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MasterClass has celebrity instructors and US$136m. Will students show up?

Think Samuel L Jackson providing lessons on acting, Stephen Curry on how to sink a basketball shot and Annie Leibovitz on snapping a good photograph.

[SAN FRANCISCO] The online education business has failed to live up to the hype. So, one startup is tapping the ultimate hype masters—the world's best-known figures in sports, entertainment and the arts — to lure people into learning. Think Samuel L Jackson providing lessons on acting, Stephen Curry on how to sink a basketball shot and Annie Leibovitz on snapping a good photograph.

MasterClass sells access to celebrities in the form of video lectures for US$90 a pop. The Internet is awash in self-proclaimed experts and YouTube gurus, but MasterClass promises a higher level of tutelage through exclusive exposure to the greats.

The San Francisco-based company is funded by a mix of Silicon Valley and Hollywood types. On Thursday, MasterClass plans to announce an US$80 million investment led by venture capital firm Institutional Venture Partners. Bloomberg Beta, the venture capital arm of Bloomberg LP, is also an investor.

Only a few years ago, Silicon Valley had envisioned video lectures eliminating the need for colleges. VCs put about US$8 billion into education technology in the past five years, said research firm CB Insights. Despite a flood of investment, Internet education startups, led by Udacity Inc and Coursera Inc, failed to find a formula that works. Only 4 per cent of students complete online courses, according to a now-famous study by the University of Pennsylvania Graduate School of Education.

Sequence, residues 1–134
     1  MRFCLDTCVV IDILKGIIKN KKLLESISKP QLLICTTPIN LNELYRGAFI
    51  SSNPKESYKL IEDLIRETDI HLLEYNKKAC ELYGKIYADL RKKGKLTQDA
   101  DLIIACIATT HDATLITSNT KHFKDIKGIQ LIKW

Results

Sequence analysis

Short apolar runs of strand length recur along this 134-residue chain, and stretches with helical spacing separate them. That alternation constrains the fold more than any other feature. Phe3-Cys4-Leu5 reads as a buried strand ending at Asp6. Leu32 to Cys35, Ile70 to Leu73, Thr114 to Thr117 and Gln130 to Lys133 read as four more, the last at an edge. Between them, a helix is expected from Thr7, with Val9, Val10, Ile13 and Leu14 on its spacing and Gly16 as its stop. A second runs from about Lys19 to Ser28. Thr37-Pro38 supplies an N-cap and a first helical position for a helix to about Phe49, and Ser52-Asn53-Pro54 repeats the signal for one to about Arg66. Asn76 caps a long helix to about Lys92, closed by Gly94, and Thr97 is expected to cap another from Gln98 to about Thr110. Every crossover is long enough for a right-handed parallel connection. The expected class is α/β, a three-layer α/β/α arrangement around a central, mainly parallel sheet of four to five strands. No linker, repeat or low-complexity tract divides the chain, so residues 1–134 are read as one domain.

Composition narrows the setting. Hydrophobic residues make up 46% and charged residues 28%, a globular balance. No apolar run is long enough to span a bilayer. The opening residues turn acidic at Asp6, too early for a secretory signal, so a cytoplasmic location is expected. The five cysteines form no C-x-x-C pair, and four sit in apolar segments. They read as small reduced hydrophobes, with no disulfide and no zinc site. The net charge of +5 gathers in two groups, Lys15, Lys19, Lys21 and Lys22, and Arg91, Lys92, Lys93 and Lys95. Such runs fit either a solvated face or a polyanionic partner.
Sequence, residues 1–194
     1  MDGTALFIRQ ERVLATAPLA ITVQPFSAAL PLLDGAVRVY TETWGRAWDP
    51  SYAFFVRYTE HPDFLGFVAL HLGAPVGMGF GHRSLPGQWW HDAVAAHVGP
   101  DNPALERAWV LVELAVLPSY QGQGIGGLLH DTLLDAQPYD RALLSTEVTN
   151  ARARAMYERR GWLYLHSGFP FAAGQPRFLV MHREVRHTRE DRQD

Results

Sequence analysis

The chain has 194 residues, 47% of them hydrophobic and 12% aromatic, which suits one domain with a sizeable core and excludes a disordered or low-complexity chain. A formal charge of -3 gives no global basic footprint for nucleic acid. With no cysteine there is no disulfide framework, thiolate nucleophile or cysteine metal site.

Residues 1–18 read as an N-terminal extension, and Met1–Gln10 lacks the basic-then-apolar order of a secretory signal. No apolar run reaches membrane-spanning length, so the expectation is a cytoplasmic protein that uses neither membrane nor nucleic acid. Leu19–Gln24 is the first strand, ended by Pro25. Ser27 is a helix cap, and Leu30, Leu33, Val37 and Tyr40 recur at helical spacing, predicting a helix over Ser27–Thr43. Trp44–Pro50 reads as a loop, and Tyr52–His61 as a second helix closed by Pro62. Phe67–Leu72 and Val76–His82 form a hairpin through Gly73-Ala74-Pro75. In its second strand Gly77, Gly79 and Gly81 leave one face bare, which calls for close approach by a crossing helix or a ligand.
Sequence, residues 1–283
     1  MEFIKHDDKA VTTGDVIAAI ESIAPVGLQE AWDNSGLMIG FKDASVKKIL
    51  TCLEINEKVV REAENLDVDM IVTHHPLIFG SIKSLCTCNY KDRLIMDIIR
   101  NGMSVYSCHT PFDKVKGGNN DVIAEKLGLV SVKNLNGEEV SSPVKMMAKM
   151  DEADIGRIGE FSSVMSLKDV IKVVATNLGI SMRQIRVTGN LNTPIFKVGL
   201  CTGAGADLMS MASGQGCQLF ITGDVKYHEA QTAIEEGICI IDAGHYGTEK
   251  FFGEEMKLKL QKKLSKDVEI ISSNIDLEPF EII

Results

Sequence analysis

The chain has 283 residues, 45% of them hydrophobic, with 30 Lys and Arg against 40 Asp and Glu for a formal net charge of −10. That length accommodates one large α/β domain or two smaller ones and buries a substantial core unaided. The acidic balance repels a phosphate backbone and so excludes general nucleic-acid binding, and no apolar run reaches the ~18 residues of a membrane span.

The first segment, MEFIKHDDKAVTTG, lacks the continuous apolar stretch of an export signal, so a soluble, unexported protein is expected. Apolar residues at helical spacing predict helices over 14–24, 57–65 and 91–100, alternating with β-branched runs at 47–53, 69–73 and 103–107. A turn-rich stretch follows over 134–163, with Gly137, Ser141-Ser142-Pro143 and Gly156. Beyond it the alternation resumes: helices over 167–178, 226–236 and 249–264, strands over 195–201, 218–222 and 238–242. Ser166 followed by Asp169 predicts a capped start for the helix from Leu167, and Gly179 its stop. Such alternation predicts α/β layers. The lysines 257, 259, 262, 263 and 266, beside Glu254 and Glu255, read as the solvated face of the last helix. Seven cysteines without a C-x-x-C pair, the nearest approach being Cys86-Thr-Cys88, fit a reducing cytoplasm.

Roseanne Wincek, a partner at IVP who led her firm's investment in MasterClass, said celebrities could be part of the solution. "Most online education companies take the idea of school and pop it on the Internet," said Ms Wincek, who is joining the company's board. "MasterClass is a pretty rarefied experience."

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David Rogier started MasterClass in 2012, with seed money from a childhood friend and his Stanford University professor. Aaron Rasmussen, the chief technology officer and co-founder, joined in 2014, and they launched a website the next year. Mr Rogier, the 35-year-old chief executive officer, has brown curly hair and a stutter. Raised by a pair of lawyers-turned-artists in Los Angeles, Mr Rogier ranks as charismatic by nerdy tech standards. "I see what we're doing as eventually building the Great Library of Alexandria for the Internet," he declared.

Mr Rogier parlayed a connection to Dustin Hoffman to make inroads into Hollywood. The Rain Man star was the first MasterClass instructor with a lecture on acting, and it was an early hit for the company. But MasterClass removed the video in December after Hoffman was accused of exposing himself to a minor and sexually assaulting several women. Hoffman's attorney has denied the allegations. MasterClass also removed video of Kevin Spacey last year following misconduct allegations.

MasterClass videos look like mini documentaries. The company said filmmakers and directors with a total of seven Emmy or Oscar nominations have worked on its courses. Most lessons run about 10 to 20 minutes and feature an interview with a celebrity, as well as some hands-on demonstrations. In their lectures, fashion icon Marc Jacobs sketches a model on camera, and chess champion Garry Kasparov shows how to set up a checkmate, move by move.

Malcolm Gladwell said he signed on to become a MasterClass instructor because he thought it would help him reach a new audience on the Internet. "I've never had a digital presence, and this seemed like a good way to create one," the New Yorker writer said. "My agent really liked the idea. Plus, I thought it would be fun."